-Sims’ award of attorneys fees was an abuse of discretion because it accepted without scrutiny time records that were vague, reconstructed and in some instances inscrutable;
-Sims acted contrary to law, justice and Quicken Loans’ right to due process by increasing the amount of punitive damages on remand when the only intervening event was a lawful appeal;
-Sims repeatedly cited and relied on lawful conduct in justifying his punitive damages award;
-Sims wrongfully took Quicken Loans’ financial condition into consideration when awarding punitive damages; and
-Sims deprived Quicken Loans of its right to due process by basing his reprehensibility finding on conduct dissimilar from that upon which liability for punitive damages was premised, as well as on harm or potential harm to persons other than the plaintiff.
“Quicken Loans eventually lent (Jefferson) $144,800, of which $41,000 was cash and over $95,000 went to satisfy pre-existing debts,” the company wrote.
“(Jefferson) made two timely payments and defaulted. Today she possesses a judgment against Quicken Loans for approximately $4.5 million, as well as the proceeds of a $700,000 settlement with a former co-defendant, subject to a minor offset – in other words, over $5 million (with interest accumulating).
“And she need not pay back the loan, either. All in a case involving no physical injury to anyone, and in which Plaintiffs dropped their claim for intentional infliction of emotional distress.
“How could our judicial system produce this astonishing result?”
Quicken Loans also issued a statement regarding Sims' decision.
"Quicken Loans is shocked by the Ohio County Circuit Court’s decision in Brown v. Quicken Loans," it said.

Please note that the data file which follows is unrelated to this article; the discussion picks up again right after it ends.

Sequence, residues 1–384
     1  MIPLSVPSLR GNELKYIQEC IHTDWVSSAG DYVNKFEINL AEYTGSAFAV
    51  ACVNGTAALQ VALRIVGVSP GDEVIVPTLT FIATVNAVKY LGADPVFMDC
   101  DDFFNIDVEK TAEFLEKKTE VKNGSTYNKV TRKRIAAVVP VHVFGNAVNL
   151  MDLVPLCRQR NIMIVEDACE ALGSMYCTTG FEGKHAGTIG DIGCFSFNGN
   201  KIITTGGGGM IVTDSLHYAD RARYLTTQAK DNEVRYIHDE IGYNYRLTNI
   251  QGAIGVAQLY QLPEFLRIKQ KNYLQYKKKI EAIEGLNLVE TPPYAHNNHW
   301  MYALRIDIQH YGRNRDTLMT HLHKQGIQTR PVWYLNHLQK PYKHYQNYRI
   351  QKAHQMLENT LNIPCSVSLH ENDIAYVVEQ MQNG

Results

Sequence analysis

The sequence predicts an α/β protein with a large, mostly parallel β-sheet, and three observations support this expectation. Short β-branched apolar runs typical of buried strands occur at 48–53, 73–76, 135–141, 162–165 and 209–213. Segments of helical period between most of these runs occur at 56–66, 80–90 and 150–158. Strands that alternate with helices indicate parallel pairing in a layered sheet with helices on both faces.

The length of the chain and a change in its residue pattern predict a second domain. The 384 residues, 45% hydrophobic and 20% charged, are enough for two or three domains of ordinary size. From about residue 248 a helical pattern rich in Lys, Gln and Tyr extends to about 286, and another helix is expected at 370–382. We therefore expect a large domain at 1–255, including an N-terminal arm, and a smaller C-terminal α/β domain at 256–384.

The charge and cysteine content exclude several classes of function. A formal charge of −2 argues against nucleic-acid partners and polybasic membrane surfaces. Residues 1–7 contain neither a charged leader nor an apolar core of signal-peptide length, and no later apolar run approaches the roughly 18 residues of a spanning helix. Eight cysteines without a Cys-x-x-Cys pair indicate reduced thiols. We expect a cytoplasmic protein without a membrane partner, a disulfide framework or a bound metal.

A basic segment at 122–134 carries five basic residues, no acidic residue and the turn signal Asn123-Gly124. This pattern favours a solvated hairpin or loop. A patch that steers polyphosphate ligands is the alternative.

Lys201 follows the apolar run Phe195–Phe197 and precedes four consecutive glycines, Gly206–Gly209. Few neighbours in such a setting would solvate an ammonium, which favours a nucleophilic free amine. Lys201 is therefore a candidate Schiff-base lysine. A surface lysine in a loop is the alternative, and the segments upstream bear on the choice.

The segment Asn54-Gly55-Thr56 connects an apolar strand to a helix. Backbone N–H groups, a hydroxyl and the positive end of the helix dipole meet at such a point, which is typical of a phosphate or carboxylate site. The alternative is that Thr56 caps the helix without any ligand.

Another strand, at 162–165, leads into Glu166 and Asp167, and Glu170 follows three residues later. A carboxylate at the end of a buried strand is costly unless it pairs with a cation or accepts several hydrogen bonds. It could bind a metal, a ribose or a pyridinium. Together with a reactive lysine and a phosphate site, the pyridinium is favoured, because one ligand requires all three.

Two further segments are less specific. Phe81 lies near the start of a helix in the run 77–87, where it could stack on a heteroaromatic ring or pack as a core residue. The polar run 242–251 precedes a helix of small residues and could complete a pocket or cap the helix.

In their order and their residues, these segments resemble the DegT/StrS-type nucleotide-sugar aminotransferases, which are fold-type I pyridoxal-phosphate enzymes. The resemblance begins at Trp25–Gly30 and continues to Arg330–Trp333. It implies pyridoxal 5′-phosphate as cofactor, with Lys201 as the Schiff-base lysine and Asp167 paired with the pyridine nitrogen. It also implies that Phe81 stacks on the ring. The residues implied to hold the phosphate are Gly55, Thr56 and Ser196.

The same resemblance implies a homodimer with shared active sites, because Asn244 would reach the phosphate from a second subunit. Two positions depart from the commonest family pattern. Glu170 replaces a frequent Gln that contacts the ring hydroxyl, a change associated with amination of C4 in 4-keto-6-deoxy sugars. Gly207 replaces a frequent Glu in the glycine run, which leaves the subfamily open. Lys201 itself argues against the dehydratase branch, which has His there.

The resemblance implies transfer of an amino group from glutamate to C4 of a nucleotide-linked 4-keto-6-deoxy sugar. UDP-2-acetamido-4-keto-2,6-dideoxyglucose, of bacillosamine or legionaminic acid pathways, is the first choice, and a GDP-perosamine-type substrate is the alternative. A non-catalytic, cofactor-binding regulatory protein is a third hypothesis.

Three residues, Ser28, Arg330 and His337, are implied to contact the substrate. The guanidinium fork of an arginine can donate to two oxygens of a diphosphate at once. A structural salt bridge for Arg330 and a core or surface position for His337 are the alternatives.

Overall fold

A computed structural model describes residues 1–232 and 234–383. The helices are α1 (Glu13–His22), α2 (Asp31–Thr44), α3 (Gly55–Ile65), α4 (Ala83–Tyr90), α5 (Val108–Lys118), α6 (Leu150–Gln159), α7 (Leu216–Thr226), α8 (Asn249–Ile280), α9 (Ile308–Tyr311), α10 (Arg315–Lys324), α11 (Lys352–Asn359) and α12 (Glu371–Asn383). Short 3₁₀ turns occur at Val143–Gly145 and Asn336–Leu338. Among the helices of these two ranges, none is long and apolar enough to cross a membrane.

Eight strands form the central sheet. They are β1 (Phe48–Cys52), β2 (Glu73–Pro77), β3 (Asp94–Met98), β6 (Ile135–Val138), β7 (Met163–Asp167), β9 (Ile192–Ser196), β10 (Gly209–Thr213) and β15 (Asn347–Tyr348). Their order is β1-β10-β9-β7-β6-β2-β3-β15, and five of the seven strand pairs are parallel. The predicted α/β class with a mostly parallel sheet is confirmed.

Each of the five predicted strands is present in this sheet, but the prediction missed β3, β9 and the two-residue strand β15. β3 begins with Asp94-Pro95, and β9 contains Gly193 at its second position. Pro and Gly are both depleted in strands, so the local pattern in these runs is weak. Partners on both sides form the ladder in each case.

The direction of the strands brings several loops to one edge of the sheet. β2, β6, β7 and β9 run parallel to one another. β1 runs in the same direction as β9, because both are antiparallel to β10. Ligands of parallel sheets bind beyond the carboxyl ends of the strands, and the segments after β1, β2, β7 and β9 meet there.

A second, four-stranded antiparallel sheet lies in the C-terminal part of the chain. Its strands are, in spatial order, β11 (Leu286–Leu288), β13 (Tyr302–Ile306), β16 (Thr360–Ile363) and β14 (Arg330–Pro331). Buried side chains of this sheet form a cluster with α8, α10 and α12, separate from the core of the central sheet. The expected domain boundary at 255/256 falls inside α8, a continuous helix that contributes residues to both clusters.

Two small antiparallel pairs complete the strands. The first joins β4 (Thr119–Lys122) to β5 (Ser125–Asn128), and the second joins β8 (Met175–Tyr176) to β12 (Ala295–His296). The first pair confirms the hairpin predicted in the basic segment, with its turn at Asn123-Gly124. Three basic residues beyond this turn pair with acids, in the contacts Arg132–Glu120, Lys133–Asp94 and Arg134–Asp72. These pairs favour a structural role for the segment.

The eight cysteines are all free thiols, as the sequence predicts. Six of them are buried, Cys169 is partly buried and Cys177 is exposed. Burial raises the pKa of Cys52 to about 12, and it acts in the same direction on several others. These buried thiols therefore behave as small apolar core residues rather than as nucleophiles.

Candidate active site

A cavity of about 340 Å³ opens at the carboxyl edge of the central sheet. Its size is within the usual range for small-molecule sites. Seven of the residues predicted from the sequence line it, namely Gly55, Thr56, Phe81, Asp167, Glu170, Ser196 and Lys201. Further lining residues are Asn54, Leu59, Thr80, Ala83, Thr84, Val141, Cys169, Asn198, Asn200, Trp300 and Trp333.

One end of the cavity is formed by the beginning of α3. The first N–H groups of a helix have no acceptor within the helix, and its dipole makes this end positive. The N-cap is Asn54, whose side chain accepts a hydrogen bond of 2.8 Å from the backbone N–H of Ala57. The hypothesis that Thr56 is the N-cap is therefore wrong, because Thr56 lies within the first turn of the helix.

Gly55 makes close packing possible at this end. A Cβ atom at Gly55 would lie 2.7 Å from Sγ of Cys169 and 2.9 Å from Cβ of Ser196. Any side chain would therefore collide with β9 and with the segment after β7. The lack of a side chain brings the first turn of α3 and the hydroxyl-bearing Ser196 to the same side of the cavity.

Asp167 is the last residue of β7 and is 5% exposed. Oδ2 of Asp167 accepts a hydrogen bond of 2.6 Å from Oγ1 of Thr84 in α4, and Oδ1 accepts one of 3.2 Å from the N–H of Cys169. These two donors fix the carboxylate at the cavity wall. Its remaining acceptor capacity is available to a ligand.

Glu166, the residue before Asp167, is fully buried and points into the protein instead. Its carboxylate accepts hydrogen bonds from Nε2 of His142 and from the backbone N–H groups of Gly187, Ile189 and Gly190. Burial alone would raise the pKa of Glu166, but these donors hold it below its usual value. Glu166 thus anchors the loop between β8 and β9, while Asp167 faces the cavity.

"Quicken Loans approved Ms. Lourie Brown’s application for a $144,800 mortgage based, in part, on the professional opinion of a licensed West Virginia appraiser who had no affiliation with Quicken Loans. In the circuit court’s flawed opinion, for this, Quicken Loans should pay Ms. Brown $3.5 million in punitive damages and nearly $1 million in attorney fees and costs. This decision defies all sense of what is fair and right.
"Quicken Loans does not consider the court’s grossly disproportionate award of punitive damages to be consistent with the law. QL will appeal this decision to the state appeals court, and ultimately to the U.S. Supreme Court, if necessary, and expects justice to prevail."
Jefferson has a separate lawsuit in Ohio Circuit Court pending against Quicken Loans that alleges the company violated debt collection laws by contacting her after being notified she was represented by counsel.
In both cases, she is represented by Bordas & Bordas. According to Sims’ decision, the bulk of the work has been performed by Jason E. Causey.
Sims ruled Causey should be paid $300 per hour for his work, for a total of $142,050. Also, Bordas should be paid $400 per hour, for a total of $59,850, and James Stoneking should be paid $300 per hour, for a total of $42,000.
Bordas said the case is an example of the importance of the contingent fee system that has allowed Jefferson and her daughter to afford representation in the case as it proceeds.
“After a while, enough’s enough,” he said. “I wonder if the Supreme Court is gonna say the same thing.”
From the West Virginia Record: Reach John O’Brien at firstname.lastname@example.org.